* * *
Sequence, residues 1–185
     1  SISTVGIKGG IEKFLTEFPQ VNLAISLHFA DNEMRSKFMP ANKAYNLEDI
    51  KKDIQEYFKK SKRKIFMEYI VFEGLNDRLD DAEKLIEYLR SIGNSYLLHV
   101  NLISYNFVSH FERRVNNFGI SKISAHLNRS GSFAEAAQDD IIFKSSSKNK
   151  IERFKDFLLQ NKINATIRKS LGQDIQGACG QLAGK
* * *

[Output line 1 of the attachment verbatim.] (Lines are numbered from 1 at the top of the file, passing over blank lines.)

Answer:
Sequence, residues 1–185